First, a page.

Saturday, 17 May 2008

What is the point of (electronic) tagging - the sequel

As I said in an earlier post, I've got a 73 year old constituent, no previous convictions except a speeding offence, who's been given a 12 month driving ban and a 3 month curfew, with electronic tagging, after failing to report an accident. He stopped at the scene, and wasn't responsible for the accident, so it seems pretty draconian. On Friday I tabled a series of parliamentary questions, to try to find out more about when tagging is used for road traffic offences, and asking for a breakdown between drink-driving offences, driving whilst disqualified and other RTA offences. (It seems to me that my constituent must have been sentenced on the suspicion that he'd been drink driving, but that seems rather a speculative approach to sentencing!)

I now discover from the Indy diary that Paul Staines (aka the blogger Guido Fawkes) has been handed a 3 year driving ban, with an electronic tag & 3 month curfew for a drink driving conviction, & was told he was a ‘danger to the public’. In the unlikely event Mr Staines is reading this, can I assure him - my PQs were nothing whatsoever to do with you. (But you might like to look at the answers!)

Assuming the Indy article is accurate (a lawyer writes), then it seems that Mr Staines has a number of previous convictions for alcohol-related offences and this was his second drink-driving offence within a few years. Hence the 3 year ban. I can see the point of tagging and a curfew in these circumstances, as the District Judge clearly felt that it was necessary to stop him going out drinking and driving again. In my days working at a magistrates court (21 years ago - blimey!) someone with a similar record might well have got a custodial sentence. But my constituent's case seems very different.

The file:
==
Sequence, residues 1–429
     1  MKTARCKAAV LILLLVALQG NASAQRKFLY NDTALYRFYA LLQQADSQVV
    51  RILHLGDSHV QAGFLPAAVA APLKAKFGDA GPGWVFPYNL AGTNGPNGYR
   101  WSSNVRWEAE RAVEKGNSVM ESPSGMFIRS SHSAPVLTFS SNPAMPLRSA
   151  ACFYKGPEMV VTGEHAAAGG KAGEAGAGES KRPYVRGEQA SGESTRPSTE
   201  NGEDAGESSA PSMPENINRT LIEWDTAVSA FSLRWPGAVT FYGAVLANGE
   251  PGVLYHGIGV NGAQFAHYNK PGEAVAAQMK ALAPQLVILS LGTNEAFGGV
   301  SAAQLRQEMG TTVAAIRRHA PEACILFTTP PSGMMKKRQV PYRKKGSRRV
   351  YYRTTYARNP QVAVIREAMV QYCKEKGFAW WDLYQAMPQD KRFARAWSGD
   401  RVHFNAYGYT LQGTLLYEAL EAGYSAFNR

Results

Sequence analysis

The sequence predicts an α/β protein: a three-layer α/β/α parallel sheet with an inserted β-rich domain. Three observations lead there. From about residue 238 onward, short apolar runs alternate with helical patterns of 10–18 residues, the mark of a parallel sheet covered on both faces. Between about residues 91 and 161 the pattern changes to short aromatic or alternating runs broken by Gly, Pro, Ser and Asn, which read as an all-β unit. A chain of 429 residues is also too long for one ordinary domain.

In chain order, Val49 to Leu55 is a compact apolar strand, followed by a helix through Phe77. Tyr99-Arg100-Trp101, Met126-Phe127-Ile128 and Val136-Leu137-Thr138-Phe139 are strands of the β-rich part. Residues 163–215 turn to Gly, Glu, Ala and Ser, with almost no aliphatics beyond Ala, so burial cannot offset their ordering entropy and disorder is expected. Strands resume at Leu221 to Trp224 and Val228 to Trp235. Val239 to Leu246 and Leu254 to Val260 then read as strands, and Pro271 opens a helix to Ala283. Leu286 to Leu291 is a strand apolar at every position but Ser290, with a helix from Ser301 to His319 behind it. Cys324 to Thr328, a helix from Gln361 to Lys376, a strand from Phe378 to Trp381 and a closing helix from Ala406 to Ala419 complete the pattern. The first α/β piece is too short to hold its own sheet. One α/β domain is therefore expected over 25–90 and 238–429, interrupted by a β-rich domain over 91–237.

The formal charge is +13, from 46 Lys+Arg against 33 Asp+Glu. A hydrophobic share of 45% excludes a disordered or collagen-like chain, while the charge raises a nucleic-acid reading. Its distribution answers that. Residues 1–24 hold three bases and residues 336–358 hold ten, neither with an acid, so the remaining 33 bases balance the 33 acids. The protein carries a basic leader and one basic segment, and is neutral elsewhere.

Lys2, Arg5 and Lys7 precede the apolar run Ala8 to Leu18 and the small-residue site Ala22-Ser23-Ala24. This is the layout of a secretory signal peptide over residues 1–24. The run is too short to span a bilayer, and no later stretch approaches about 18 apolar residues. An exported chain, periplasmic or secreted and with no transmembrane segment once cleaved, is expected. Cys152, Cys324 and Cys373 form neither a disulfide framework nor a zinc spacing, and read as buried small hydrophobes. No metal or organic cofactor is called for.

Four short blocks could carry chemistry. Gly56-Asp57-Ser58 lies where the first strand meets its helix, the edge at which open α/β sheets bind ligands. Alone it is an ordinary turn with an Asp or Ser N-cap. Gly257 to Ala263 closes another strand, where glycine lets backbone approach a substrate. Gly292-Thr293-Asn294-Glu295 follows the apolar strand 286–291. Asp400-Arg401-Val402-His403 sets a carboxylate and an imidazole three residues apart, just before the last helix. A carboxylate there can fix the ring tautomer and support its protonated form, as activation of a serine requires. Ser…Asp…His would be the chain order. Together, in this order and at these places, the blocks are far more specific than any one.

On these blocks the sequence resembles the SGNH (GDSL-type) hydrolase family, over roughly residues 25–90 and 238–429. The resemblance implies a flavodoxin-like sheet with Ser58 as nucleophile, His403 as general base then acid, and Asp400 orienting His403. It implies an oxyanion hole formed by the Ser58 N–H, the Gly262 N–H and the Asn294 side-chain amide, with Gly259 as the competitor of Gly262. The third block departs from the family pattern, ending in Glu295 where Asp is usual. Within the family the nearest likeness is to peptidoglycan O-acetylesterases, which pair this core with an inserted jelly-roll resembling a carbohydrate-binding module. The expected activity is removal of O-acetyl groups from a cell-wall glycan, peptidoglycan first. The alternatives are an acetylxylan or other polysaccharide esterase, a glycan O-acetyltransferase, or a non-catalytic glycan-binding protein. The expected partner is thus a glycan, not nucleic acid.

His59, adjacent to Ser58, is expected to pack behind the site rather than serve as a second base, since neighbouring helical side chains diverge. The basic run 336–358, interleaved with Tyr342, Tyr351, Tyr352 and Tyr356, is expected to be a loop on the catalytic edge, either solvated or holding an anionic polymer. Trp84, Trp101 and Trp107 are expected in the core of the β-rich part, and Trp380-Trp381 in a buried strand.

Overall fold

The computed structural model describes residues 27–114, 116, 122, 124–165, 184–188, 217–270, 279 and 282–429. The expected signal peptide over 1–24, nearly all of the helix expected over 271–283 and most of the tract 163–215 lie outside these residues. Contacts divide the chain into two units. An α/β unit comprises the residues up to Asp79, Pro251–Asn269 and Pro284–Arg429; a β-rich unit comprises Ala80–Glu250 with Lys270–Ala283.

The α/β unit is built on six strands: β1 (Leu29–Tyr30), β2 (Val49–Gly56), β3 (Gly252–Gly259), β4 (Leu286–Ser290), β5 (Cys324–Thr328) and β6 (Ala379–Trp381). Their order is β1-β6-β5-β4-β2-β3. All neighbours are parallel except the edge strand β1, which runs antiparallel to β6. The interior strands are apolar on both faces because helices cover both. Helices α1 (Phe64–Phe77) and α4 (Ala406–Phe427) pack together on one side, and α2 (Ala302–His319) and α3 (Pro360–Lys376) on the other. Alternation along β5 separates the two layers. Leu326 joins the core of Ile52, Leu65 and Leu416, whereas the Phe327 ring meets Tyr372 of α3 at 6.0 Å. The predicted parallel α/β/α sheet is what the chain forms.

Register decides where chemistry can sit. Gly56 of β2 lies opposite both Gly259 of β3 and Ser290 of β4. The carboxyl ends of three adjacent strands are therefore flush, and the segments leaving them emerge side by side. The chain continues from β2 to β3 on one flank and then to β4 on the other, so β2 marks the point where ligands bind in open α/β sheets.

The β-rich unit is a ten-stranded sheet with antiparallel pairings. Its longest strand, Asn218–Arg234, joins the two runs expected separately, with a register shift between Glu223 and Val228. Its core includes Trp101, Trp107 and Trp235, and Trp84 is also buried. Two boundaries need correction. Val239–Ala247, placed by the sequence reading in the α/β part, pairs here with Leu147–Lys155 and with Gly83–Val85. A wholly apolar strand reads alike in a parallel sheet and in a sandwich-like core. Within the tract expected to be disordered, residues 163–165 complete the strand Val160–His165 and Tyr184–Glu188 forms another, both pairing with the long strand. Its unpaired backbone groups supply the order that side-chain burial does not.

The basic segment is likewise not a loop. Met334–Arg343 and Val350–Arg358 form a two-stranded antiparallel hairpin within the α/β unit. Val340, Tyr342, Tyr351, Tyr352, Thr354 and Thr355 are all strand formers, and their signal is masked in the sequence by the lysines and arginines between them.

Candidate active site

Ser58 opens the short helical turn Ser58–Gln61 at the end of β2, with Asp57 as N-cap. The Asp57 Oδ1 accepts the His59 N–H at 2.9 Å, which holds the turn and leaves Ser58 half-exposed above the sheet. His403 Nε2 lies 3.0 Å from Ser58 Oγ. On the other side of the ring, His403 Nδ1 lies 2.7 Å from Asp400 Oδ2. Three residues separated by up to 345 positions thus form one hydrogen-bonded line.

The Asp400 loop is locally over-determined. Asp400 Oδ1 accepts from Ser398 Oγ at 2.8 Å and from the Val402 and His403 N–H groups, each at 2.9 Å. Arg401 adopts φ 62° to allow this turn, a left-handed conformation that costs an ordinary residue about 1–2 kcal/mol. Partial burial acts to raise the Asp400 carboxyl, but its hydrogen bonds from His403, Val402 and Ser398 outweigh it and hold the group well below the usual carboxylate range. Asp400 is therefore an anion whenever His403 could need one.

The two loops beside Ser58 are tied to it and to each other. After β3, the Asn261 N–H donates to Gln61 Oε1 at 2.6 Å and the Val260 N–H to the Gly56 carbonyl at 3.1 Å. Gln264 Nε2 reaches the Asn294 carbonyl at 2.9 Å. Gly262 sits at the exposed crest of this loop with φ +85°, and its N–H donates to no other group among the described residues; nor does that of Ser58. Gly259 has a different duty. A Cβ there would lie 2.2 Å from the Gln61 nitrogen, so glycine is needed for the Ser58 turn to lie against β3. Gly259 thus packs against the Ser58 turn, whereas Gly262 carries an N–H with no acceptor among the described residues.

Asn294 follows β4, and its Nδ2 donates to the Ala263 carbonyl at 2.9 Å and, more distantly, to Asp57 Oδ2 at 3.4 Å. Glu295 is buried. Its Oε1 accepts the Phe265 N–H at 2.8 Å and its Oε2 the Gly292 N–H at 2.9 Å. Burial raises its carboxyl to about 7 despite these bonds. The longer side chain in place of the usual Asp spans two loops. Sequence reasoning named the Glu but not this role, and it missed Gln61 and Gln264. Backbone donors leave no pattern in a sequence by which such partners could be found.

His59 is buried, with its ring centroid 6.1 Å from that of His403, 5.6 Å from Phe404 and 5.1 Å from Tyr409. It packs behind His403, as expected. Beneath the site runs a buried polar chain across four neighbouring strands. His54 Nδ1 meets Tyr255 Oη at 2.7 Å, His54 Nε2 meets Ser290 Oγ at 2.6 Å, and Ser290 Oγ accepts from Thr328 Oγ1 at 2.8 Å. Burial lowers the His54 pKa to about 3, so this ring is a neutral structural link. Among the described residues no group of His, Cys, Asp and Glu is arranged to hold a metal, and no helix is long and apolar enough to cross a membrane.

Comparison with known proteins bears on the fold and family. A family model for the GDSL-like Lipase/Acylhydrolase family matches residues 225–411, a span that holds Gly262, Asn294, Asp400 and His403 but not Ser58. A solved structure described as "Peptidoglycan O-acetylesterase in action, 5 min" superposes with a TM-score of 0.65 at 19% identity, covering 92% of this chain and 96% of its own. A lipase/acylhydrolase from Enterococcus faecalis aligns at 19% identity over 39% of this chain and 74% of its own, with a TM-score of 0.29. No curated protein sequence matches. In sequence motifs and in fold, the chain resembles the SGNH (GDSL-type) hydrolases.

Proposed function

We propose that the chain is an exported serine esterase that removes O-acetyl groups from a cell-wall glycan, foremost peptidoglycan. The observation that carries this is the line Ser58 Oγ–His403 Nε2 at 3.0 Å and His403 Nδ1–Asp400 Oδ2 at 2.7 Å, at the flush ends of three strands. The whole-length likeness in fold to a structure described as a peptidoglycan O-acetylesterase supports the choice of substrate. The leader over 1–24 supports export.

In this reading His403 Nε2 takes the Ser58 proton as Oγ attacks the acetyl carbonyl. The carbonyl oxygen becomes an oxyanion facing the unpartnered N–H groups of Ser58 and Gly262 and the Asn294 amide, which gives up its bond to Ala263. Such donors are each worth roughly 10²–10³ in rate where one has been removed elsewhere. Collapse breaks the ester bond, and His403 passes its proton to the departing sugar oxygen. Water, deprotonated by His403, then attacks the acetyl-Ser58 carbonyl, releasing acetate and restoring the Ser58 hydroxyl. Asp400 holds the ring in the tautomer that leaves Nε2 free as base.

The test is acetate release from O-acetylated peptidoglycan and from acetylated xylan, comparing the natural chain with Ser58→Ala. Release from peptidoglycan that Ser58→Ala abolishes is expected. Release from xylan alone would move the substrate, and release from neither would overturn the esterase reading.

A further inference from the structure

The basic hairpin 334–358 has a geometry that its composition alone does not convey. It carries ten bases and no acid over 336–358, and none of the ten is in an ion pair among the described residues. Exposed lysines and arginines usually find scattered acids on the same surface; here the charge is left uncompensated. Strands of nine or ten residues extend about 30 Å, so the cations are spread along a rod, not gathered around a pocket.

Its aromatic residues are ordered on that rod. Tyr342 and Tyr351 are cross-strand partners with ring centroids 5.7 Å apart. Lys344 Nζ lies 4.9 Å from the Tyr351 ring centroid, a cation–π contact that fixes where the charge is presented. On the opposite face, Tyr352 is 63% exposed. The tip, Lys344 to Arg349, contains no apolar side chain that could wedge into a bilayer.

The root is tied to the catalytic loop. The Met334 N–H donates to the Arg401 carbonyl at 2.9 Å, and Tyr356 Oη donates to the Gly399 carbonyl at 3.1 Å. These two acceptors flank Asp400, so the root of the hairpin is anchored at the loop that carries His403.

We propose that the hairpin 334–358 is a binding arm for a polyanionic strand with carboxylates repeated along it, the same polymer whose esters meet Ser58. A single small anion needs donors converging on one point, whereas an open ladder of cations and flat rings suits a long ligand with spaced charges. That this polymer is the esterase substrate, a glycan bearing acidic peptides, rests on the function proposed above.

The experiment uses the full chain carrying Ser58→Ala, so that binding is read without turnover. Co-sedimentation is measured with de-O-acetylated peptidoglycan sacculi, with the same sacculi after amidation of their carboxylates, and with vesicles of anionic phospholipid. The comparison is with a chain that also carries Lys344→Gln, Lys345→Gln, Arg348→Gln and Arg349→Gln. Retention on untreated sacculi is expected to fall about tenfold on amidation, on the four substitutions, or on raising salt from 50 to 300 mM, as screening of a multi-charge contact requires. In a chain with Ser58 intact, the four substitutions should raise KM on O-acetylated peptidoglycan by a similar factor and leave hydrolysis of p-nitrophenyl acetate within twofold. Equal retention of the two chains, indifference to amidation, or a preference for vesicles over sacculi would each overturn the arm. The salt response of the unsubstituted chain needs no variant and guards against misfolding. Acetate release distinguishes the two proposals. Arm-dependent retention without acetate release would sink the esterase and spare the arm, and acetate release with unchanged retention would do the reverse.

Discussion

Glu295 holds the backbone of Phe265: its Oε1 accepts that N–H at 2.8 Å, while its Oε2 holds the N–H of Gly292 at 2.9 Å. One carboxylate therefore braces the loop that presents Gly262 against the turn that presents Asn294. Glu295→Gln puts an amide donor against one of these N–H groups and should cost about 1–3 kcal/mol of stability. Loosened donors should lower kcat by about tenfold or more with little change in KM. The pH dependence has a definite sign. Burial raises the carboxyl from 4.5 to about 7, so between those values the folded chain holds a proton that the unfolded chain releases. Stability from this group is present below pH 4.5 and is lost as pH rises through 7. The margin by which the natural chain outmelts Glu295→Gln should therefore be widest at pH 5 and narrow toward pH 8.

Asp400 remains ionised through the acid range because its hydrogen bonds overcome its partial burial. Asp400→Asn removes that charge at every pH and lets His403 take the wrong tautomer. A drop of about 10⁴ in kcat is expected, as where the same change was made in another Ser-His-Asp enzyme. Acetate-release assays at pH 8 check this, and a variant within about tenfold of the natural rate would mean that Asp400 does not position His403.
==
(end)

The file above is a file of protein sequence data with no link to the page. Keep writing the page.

P.S. And here's a slightly different account of the same incident, also from the Indy diary column. Not exactly racked with remorse, is he?

1 comment:

Anonymous said...

Judge Moran denied plaintiff Trading Technologies ("TT") motion to compel additional deposition testimony from third party Brucato, the founder of TT's competitor Catus Technologies. TT subpoenaed Brucato's deposition relating to Catus's work with defendant eSpeed or TT's software. Brucato appeared for the deposition and answered questions on those topics, but refused to answer questions regarding work for clients other than eSpeed. TT argued that evidence of Catus's work with other third party clients was relevant to show proof of widespread copying, which is an indicia of non-obviousness. The Court acknowledged that, but balanced the relevance against TT's need for the evidence and the hardship to Catus. The Court found that TT's request was only based upon TT's suspicions or speculations as opposed to any hard facts and that the connection, therefore, was not strong enough to warrant the risk third party Catus faced in providing such information to its competitor TT.



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